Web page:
Signif The Gift and The Soul Of Hip-Hop (Interview)
“I would describe my style as laid back, realistic, and honest.”
The battle over the soul of hip-hop is always a pessimistic one. Questions of authentic prescriptions to folk art get posed and then disposed by the dominant argument that capitalistic imperatives have to be the ultimate concern. But the human spirit will never tire of the need to hear stories that speak to the heart. Signif the Gift is answering that question with her brand of no-frills hip-hop that recalls the early days of MC Lyte with a timbre in line with Jean Grae. Her video for “Drifting” is a pared down aesthetic sustained by her coherent rhyme style, self-affirming lyrics and the background of New York City. The former Milwaukee resident has laid down her music manifesto with her Beautifully Flawed EP from 2009 and 2010’s The Transition. Unsigned and free to follow her creative whims, the artist is looking to make her sound translate to hip-hop’s conflicted mass of fans.
Where are you from?
Born and raised in Milwaukee, WI.
How did you start rapping?
After watching my brothers partake in rapping I decided to try it. I was already writing poetry so I tried converting some of my favorite poems I had written previously, and it sounded awful. So I figured I better start from scratch. I quit more than a few times it was frustrating knowing what I wanted to say but not executing it on paper properly.
Who produced your album The Transition?
More than a few people helped with the production on the Transition. Tay Lee’s a producer from Memphis (“Drifting,” “The Transition,” “Never,” and “Flaws Remix.)” He delivers a 16 on the “Flaws” remix too. JBM’s from Fayetteville (“The Wake Up,” “Make Moves,” and “Magnetic”) Gee Wiz is out of Baltimore (“Welcome Intro”, “High,” “Gone,” and “New Shit.)” Wiz is also behind my new EP Significant Wizdom, which will be available for free download soon. Haz Solo from Milwaukee (“Afternoon Jazz,” and the “Transition” remix.) Haz and I also put out a Transition Remixes EP as well. Lucchi’s from the Uk (“Pure Pleasure”) and TrellMatic from Milwaukee “(What’s Going On.)” Each producer has a different sound that worked in the direction I was shooting for so it was definitely a pleasure working with these guys. As an artist for me I’m on an all time “high” when I collaborate with other artists that see my vision and the main thing that matters is the art, that’s a beautiful thing! Finding people that see and understand your vision will eliminate a lot of BS out of the gate. Shout out to Darren Cole as well, he directed a few videos for me so check those out as well.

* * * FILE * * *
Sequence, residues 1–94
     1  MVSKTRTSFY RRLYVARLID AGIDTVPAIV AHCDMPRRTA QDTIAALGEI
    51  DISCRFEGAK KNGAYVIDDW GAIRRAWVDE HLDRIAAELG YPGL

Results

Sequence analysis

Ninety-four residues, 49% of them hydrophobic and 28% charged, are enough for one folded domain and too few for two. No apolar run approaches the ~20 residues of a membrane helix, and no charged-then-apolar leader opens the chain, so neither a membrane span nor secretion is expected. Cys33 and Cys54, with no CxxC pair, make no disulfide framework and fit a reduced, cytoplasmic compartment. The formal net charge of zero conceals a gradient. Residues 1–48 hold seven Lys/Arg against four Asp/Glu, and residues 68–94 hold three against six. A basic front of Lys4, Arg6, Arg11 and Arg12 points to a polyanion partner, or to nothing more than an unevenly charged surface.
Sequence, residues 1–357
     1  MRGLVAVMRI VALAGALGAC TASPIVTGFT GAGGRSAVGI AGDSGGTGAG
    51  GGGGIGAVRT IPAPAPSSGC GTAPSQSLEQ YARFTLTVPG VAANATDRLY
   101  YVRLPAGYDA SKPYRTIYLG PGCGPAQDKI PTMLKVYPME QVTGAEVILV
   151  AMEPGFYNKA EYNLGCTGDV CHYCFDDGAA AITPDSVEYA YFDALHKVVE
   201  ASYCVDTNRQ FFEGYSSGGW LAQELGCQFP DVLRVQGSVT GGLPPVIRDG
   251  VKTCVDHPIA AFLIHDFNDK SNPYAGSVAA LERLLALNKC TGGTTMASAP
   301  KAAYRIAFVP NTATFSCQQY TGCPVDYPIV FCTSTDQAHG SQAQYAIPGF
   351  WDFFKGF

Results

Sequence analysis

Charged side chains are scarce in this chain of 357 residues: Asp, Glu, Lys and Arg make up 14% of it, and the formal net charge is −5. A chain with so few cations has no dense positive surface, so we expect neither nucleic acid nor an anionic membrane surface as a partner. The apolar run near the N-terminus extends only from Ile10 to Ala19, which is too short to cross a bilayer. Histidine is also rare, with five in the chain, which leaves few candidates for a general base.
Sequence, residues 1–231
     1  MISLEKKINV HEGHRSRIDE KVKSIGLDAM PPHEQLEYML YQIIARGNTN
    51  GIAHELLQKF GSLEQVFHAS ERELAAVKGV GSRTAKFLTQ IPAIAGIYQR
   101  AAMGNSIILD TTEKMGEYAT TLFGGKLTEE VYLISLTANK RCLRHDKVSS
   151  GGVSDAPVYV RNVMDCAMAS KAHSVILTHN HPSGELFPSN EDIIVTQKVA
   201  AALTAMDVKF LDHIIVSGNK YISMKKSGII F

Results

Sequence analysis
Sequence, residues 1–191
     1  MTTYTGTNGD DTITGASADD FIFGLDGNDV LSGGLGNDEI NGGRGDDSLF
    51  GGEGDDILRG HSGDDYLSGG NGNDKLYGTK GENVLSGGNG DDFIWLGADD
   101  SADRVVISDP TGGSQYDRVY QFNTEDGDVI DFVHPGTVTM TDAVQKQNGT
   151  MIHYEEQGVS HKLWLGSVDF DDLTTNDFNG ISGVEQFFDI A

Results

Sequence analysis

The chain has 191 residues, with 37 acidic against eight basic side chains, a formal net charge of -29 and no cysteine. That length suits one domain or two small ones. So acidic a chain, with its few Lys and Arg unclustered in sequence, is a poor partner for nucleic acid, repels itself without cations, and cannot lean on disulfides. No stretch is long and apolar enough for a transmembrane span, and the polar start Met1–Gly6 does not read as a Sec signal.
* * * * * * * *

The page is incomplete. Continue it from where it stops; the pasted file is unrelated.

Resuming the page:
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Why is your album called The Transition?
I named my album The Transition because it seemed fitting at the time. I felt my state of mind was different from the previous years. I had evolved and it was important for me not to only show it but also express how I was feeling. With that theory in mind I was listening to Elzhi’s Preface album one day and the “Transitional joint” came on, I was like that’s it, The Transition! That’s one of my favorite songs. The beat and his flow are flawless.
Who are your musical inspirations?